Those who wish to enter the academy undergo a thorough application process, much as if applying for college. The study program is aimed at those who have been high achievers in their working life - although this does not mean they must have a college, or even a high school diploma.
The main qualification is having ``a mind that wants to remain stimulated and a career of high achievement,'' explains Dr. Arthur L. Peterson, director of the Eckerd program. And people who desire such mental stimulation find that ``living on campus is special. It facilitates heavy involvement in the college. For some, this campus has just become home.''
His move to Eckerd ``has filled a gap in my life,'' says Hall, a member who spends half the year at College Harbor and the other half in his home state.
``Mrs. Hall has to stop me from studying after midnight to keep up with the students.''
While Eckerd's retirement residence is aimed at academically oriented retirees, other colleges have opened residences marketed mainly for retired staff and alumni. Some have found, however, that retirees who have no affiliation with the college are eager to take part in a campus life style.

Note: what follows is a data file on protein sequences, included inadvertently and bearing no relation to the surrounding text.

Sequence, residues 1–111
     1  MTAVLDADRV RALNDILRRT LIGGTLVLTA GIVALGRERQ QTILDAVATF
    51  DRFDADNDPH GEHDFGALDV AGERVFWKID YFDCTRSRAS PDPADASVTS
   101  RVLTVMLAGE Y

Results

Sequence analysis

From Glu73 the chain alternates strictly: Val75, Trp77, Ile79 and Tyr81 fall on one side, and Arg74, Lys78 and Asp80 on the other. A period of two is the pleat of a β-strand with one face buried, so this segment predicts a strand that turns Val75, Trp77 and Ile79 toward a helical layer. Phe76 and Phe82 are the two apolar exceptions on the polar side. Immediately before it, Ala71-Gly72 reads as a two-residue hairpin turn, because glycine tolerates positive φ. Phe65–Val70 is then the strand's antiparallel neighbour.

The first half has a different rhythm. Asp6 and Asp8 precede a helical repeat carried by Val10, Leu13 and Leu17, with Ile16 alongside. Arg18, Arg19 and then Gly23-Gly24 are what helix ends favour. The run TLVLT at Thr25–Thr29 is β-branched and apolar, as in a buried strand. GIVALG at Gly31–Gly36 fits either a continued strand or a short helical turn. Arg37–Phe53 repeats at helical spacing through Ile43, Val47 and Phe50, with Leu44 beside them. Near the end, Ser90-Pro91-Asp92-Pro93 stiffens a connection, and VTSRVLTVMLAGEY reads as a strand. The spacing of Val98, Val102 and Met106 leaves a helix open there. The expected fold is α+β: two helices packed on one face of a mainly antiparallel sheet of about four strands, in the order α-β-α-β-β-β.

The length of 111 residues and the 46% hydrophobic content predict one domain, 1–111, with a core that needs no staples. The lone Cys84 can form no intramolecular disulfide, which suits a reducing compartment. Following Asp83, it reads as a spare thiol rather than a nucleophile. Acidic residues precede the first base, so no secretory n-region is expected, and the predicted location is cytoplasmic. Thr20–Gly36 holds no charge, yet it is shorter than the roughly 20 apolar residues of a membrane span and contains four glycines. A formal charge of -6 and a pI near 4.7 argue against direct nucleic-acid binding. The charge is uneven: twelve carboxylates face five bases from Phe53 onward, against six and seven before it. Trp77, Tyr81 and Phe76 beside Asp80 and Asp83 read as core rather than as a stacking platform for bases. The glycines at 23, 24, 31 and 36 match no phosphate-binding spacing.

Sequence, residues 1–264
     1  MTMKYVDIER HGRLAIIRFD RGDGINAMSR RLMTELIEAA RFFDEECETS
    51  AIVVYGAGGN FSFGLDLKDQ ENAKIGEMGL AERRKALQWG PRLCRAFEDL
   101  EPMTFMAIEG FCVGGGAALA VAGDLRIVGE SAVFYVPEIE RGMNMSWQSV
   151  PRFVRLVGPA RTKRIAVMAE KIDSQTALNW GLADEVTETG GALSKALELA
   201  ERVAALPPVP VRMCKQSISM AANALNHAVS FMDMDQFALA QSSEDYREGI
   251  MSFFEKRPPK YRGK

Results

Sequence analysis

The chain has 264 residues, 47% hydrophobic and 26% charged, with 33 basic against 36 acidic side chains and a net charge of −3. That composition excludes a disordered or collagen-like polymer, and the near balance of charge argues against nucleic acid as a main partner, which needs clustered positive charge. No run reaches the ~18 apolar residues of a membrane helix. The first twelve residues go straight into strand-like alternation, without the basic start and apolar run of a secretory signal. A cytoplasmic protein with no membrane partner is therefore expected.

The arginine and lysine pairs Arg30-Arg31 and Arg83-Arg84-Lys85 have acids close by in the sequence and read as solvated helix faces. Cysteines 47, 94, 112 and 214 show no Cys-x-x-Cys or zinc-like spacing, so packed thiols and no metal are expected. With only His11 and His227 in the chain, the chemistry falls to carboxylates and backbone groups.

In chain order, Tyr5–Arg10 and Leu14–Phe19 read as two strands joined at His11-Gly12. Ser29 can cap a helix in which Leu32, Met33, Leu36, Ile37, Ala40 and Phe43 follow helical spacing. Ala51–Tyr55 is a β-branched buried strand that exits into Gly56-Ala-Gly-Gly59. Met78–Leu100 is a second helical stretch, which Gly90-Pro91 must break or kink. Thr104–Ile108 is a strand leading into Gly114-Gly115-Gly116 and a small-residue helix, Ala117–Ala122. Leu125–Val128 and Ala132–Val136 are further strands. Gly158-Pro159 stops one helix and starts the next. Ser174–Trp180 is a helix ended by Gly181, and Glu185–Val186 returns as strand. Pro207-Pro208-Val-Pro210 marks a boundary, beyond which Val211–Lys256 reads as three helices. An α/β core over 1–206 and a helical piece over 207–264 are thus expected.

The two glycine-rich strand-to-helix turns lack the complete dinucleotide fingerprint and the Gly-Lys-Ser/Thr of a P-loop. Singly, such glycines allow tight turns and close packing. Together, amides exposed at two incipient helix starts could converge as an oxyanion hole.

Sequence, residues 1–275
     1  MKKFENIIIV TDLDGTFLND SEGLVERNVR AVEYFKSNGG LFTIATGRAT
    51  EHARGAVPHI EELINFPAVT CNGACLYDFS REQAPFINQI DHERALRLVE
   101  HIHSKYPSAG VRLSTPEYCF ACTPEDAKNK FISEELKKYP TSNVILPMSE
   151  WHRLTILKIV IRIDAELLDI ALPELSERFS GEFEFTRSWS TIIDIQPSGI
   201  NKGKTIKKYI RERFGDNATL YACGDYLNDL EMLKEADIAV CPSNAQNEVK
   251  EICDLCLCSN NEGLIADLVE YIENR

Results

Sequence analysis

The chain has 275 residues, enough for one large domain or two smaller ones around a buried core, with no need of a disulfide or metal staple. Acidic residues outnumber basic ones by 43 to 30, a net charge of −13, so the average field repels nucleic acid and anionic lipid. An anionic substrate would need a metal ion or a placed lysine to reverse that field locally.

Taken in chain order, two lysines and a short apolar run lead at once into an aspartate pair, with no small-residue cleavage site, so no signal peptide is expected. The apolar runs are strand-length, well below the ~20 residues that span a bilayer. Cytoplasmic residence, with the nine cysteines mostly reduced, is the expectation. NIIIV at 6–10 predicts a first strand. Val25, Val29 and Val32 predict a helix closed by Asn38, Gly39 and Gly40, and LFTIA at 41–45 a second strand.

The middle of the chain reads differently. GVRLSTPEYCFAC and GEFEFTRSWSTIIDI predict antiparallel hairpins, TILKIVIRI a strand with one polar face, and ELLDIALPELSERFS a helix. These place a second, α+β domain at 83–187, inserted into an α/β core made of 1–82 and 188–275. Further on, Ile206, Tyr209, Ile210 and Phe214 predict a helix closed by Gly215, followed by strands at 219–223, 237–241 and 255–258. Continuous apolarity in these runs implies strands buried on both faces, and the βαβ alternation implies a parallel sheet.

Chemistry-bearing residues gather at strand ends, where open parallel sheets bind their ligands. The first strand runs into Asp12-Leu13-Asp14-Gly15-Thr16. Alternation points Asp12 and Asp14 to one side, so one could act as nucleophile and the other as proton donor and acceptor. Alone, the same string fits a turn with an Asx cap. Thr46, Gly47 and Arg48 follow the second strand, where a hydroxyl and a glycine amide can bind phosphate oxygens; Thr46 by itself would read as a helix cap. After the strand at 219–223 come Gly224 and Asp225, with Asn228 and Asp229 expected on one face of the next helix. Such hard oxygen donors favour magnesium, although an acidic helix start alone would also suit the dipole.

For example, in 1983 the Meadowood Retirement Community at Indiana University opened mainly as a home for retired staff and alumni.
But when Bloomington made the top ten list in Rand McNally's 1987 Retirement Places Rated Guide, the on-campus retirement center - the only retirement residence in town - got national exposure, says Randy Hornstein, executive director.
``People didn't realize that this type of community existed,'' Mr. Hornstein says.